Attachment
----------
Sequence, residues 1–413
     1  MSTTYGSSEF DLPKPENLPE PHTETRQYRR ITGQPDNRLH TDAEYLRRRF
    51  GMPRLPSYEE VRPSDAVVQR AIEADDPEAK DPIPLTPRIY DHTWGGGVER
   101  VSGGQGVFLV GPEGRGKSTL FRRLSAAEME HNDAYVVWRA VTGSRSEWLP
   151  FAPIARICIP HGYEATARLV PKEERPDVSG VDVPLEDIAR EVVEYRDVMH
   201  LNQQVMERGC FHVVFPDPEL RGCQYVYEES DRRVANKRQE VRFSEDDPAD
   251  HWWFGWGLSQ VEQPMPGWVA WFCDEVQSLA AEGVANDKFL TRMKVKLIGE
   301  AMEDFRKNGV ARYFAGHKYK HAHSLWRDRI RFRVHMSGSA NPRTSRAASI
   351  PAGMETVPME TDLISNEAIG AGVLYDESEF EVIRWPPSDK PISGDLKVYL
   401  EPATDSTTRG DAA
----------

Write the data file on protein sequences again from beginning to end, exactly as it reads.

Sequence, residues 1–413
     1  MSTTYGSSEF DLPKPENLPE PHTETRQYRR ITGQPDNRLH TDAEYLRRRF
    51  GMPRLPSYEE VRPSDAVVQR AIEADDPEAK DPIPLTPRIY DHTWGGGVER
   101  VSGGQGVFLV GPEGRGKSTL FRRLSAAEME HNDAYVVWRA VTGSRSEWLP
   151  FAPIARICIP HGYEATARLV PKEERPDVSG VDVPLEDIAR EVVEYRDVMH
   201  LNQQVMERGC FHVVFPDPEL RGCQYVYEES DRRVANKRQE VRFSEDDPAD
   251  HWWFGWGLSQ VEQPMPGWVA WFCDEVQSLA AEGVANDKFL TRMKVKLIGE
   301  AMEDFRKNGV ARYFAGHKYK HAHSLWRDRI RFRVHMSGSA NPRTSRAASI
   351  PAGMETVPME TDLISNEAIG AGVLYDESEF EVIRWPPSDK PISGDLKVYL
   401  EPATDSTTRG DAA